Forum for Science, Industry and Business

Sponsored by:     3M 
Search our Site:

 

A study relates the neural damage provoked by Ecstasy with the ambient temperature at which it is consumed

06.08.2007
There exists a direct relationship between the consumption of MDMA, or Ecstasy, at a high ambient temperature and an increase in the neural damage which this drug provokes. This was the conclusion of the research carried out by Beatriz Goñi at the School of Pharmacy of the University of Navarra.

These results form part of her doctoral dissertation, entitled “A study of the neurotoxicity mechanism of 3.4-methylenedioxy-N-methylamphetamine (MDMA or ‘Ecstasy’) after its administration in rats: New responses to old questions.” By means of this study, the researcher was able to relate for the first time the body temperature of the user with a higher metabolism of this substance. There are two factors which, when they co-occurcan produce malignant hyperthermia, a disorder which can sometimes be fatal.

In order to come to this conclusion, the Pamplonan pharmaceutical specialist administered the drug to rats at ambient temperatures of 15, 21 and 30 degrees centigrade. After performing the pertinent analyses, she demonstrated that metabolism of Ecstasy is accelerated by higher ambient temperatures at the time of administration. In addition, higher ambient temperatures also increase, in the same proportion, the neurochemical deficit that affects the brains of the users of this drug.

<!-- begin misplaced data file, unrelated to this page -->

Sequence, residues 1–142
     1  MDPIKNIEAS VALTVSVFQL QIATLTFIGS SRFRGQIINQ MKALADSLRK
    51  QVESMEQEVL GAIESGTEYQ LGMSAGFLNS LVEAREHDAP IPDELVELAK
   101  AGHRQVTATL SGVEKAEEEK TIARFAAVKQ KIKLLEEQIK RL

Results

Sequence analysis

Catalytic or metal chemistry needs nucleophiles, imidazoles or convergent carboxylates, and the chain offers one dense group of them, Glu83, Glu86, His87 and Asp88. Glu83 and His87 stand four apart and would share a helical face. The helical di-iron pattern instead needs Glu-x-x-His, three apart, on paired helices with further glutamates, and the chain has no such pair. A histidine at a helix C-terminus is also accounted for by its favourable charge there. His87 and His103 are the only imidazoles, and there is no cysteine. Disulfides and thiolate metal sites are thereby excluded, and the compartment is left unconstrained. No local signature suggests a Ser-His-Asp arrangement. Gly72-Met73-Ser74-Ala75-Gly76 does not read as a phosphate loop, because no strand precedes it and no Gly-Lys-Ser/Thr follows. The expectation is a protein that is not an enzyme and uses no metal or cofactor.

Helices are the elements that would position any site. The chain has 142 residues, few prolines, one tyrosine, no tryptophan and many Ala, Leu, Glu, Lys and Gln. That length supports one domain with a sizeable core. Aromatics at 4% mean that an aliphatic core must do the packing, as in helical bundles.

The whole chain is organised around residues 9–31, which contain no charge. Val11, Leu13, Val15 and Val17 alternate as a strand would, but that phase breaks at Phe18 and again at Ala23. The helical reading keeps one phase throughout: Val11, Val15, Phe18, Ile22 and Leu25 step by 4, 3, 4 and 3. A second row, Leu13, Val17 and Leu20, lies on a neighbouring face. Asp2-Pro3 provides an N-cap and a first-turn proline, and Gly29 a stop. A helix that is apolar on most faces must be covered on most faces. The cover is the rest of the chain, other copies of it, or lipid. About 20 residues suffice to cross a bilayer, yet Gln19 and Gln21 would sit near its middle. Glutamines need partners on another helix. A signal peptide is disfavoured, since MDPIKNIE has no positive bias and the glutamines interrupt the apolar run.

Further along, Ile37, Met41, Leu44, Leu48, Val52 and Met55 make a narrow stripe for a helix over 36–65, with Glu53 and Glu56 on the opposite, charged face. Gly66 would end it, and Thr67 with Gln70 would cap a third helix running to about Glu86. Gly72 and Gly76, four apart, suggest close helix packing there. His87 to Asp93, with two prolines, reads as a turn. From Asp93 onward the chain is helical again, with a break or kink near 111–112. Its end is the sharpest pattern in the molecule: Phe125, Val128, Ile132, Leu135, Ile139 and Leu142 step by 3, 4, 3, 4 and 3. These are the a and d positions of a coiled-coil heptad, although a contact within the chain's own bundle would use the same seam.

Higher risk in closed establishments

According to Beatriz Goñi, the author of the study undertaken at the University of Navarra, the discoveries of this research project acquire more relevance precisely because Ecstasy is typically taken in closed environments, with lots of people and poor ventilation, due to which factors the temperature tends to be quite high.

In addition, she notes that the neural damage provoked by this substance, and which originally was only observed in rats, has already been demonstrated in humans, who appear to suffer severe damage to the serotoninergenic neurons, which are involved in processes as basic as sleep, appetite and mood regulation.

Finally, the pharmaceutical specialist noted that the damage caused by the consumption of MDMA is dependent upon its being metabolized after to its ingestion, since if it were administered directly to the brain, neuronal damage would not occur.